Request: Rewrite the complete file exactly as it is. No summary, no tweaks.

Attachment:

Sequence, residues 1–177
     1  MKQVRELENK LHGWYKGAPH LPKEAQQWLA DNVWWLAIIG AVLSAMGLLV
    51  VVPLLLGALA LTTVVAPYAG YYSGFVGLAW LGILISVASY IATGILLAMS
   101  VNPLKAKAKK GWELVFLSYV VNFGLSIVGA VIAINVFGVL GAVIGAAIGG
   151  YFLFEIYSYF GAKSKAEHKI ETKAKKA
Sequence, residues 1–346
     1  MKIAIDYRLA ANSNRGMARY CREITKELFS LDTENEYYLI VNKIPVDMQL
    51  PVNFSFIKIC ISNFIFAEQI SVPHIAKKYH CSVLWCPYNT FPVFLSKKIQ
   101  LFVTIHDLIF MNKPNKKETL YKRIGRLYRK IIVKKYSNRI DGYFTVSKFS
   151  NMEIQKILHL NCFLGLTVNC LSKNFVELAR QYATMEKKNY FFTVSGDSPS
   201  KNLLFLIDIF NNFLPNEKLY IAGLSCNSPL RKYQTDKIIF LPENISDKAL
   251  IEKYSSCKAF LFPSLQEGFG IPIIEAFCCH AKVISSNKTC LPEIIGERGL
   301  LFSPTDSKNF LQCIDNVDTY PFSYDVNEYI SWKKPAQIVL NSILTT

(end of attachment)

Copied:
Sequence, residues 1–177
     1  MKQVRELENK LHGWYKGAPH LPKEAQQWLA DNVWWLAIIG AVLSAMGLLV
    51  VVPLLLGALA LTTVVAPYAG YYSGFVGLAW LGILISVASY IATGILLAMS
   101  VNPLKAKAKK GWELVFLSYV VNFGLSIVGA VIAINVFGVL GAVIGAAIGG
   151  YFLFEIYSYF GAKSKAEHKI ETKAKKA
Sequence, residues 1–346
     1  MKIAIDYRLA ANSNRGMARY CREITKELFS LDTENEYYLI VNKIPVDMQL
    51  PVNFSFIKIC ISNFIFAEQI SVPHIAKKYH CSVLWCPYNT FPVFLSKKIQ
   101  LFVTIHDLIF MNKPNKKETL YKRIGRLYRK IIVKKYSNRI DGYFTVSKFS
   151  NMEIQKILHL NCFLGLTVNC LSKNFVELAR QYATMEKKNY FFTVSGDSPS
   201  KNLLFLIDIF NNFLPNEKLY IAGLSCNSPL RKYQTDKIIF LPENISDKAL
   251  IEKYSSCKAF LFPSLQEGFG IPIIEAFCCH AKVISSNKTC LPEIIGERGL
   301  LFSPTDSKNF LQCIDNVDTY PFSYDVNEYI SWKKPAQIVL NSILTT